Working people have no real choice in two-party race for president


The 2020 presidential election is dominating political discussion in the big-business press. Activists are being hit over the head with the false choice of supporting the Democratic Party or facing an onslaught of anti-worker, anti-queer, racist, and xenophobic legislation under Donald Trump. In reality, whoever wins the elections will remain the dutiful executor of the will of capital. Workers have no one with a plan to address their needs and concerns among the top candidates in this year’s presidential election.

Both economic and coronavirus statistics have been oscillating wildly since the pandemic and recession broke onto the world in February and March. Over 1 million people have died from COVID-19, and every country is in recession or depression. Forest fires, hurricanes, and mass power outages are reverberating shocks from yet another hottest year on record. None of the officers involved with the killings of Breonna Taylor, Jacob Blake, Elijah McClaine, Tony McDade, and most other victims of police violence have been arrested.

Wisconsin voters line up for April 2020 primary election. (Morry Gash / AP)

The capitalists, operating through their two-party political representatives, have no solutions to any of the pressing crises facing the working class. The richest billionaires, with the support from Democrats and Republicans, have increased their wealth during the greatest housing and jobs crisis in almost a century.

Meanwhile, workers remain politically unarmed. The subservient union leadership continues to maintain a strategy that guarantees defeat. They are refusing to build workers’ power against the employers. Right now, when there is an almost unprecedented dependence on food and logistics infrastructure, is the perfect time to strike for union recognition, fight two-tier wages, and raise political demands like no evictions during the pandemic.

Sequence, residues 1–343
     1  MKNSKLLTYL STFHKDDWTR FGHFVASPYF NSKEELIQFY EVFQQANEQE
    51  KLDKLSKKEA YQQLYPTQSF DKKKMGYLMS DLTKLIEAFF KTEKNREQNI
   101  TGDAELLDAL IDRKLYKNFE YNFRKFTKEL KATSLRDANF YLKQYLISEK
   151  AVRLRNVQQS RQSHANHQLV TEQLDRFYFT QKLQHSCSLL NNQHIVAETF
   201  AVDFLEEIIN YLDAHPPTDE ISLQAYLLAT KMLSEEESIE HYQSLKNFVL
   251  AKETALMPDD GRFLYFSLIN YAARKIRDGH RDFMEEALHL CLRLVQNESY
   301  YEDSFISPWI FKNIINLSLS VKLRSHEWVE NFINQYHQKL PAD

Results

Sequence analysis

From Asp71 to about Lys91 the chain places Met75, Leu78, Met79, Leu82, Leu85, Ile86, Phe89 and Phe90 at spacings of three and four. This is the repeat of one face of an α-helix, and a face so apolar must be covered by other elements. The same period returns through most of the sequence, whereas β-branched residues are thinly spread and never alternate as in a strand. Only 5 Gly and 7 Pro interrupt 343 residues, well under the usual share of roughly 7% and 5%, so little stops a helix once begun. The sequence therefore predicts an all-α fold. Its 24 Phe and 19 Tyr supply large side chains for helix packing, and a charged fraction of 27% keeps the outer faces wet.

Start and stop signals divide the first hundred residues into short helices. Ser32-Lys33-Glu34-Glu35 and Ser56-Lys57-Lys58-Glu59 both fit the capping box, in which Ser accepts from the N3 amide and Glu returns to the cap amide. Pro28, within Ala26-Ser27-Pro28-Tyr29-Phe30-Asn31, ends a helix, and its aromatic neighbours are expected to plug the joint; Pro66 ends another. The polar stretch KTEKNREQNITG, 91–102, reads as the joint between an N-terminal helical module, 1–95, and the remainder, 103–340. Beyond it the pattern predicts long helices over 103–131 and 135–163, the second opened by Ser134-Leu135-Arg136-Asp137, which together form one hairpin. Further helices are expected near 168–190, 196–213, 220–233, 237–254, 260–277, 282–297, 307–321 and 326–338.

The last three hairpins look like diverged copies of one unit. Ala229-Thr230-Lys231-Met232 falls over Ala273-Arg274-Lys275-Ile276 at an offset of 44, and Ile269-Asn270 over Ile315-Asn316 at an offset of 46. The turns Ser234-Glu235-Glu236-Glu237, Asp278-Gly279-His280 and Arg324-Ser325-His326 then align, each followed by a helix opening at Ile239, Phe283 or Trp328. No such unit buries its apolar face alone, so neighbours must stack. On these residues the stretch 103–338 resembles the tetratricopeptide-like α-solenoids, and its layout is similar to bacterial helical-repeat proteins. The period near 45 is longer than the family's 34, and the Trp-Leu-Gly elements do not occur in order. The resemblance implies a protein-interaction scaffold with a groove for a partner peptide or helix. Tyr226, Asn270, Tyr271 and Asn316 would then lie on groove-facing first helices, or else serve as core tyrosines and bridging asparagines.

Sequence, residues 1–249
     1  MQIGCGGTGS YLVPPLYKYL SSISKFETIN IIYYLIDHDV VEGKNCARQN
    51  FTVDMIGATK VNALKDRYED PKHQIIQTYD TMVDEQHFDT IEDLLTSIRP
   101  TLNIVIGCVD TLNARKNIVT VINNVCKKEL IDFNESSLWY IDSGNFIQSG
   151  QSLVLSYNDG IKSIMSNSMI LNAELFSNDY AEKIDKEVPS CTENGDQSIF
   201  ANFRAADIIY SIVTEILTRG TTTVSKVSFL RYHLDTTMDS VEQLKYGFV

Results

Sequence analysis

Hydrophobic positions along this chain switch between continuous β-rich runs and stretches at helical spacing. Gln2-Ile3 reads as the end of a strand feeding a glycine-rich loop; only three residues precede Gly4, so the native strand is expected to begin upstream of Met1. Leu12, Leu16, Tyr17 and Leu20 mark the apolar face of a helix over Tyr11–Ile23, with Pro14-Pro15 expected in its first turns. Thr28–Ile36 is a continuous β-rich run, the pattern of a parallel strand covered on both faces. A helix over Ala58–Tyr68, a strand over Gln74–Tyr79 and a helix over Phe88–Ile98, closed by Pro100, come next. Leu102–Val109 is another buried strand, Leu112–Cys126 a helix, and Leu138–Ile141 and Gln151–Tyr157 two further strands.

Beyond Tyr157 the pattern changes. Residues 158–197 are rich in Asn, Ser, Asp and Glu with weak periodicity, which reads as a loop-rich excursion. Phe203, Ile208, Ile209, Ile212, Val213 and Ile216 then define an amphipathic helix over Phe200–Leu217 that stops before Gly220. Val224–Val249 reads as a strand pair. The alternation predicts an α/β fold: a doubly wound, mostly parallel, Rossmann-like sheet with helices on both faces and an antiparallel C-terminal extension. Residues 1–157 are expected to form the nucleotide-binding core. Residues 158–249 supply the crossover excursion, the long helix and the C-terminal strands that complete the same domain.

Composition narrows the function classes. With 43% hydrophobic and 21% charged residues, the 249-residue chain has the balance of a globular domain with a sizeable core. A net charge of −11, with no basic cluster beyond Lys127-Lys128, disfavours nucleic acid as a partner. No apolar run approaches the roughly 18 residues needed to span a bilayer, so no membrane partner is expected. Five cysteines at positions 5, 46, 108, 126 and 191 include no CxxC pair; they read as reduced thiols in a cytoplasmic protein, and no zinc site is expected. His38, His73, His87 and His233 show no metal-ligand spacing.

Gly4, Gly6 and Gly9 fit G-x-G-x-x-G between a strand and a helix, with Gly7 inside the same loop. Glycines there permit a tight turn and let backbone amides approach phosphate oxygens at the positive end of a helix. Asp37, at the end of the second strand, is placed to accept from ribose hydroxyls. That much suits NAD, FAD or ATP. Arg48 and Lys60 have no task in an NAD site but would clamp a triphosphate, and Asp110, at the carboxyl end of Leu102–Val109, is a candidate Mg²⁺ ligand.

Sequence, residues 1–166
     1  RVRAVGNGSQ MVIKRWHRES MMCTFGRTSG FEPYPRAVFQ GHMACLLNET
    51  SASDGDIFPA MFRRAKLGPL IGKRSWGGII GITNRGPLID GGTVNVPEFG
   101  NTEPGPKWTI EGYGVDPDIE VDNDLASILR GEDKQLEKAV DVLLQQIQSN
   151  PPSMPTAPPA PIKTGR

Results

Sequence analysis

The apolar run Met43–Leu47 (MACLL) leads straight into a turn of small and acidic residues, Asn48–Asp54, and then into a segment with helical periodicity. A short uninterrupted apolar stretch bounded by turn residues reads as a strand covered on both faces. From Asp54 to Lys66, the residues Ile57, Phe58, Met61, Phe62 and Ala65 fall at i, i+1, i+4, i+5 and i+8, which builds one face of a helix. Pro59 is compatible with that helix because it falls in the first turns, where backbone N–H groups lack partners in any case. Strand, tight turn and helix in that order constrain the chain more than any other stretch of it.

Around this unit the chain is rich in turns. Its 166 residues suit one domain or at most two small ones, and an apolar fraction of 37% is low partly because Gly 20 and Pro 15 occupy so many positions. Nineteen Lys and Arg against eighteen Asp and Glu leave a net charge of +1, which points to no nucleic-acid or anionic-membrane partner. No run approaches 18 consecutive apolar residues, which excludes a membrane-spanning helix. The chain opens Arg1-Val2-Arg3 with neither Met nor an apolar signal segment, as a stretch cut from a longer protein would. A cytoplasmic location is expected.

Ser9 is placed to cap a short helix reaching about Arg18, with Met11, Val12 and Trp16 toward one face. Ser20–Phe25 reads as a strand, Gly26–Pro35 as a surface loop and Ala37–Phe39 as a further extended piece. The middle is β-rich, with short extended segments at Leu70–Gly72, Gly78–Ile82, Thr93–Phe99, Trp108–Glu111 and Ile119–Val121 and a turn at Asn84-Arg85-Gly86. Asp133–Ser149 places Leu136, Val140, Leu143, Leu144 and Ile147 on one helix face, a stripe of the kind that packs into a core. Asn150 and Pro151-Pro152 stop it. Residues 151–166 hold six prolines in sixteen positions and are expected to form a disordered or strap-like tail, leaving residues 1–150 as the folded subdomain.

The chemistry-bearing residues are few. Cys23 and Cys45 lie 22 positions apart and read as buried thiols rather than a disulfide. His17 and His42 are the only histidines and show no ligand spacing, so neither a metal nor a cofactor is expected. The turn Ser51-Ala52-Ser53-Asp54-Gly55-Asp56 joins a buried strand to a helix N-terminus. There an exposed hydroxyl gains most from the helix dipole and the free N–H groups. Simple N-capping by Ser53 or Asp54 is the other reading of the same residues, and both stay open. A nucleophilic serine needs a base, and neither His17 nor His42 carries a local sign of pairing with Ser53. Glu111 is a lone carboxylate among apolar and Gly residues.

Instead, after an initial upsurge of rank-and-file militancy in late spring and early summer, the unions have been taking hit after hit, leveraging their resources toward support for their class enemies in the bourgeois legislatures. While both major parties appear to be in a race to see who is the most out of touch with working people, labor leaders are trying to squash any independent initiatives for the working class.

A modest but notable exception to this trend was Dan Piper, Socialist Resurgence’s candidate for state representative in Connecticut’s District 1. In October, Piper spoke to a shop meeting of cafeteria workers at the University of Hartford. Piper was able to talk with the largely immigrant and female union members (Local 217, UNITE-HERE) about Socialist Resurgence’s revolutionary program, the need for a labor party, and how workers can really fight the pandemic.

Climate, imperialism, and the bipartisan consensus

On the burning issues of the day, Biden’s role is to shepherd working people into accepting the agenda of the ruling class. His main calling card has been that he has roots in working-class Pennsylvania and is “sympathetic” to the needs of workers—unlike the egotistical and super-wealthy Trump. And yet, in response to Trump’s heckling, Biden has gone to lengths to emphasize that he would not ban fracking, he would not support Medicare for All, and he rejects the policies of the so-called “left” in the Democratic Party.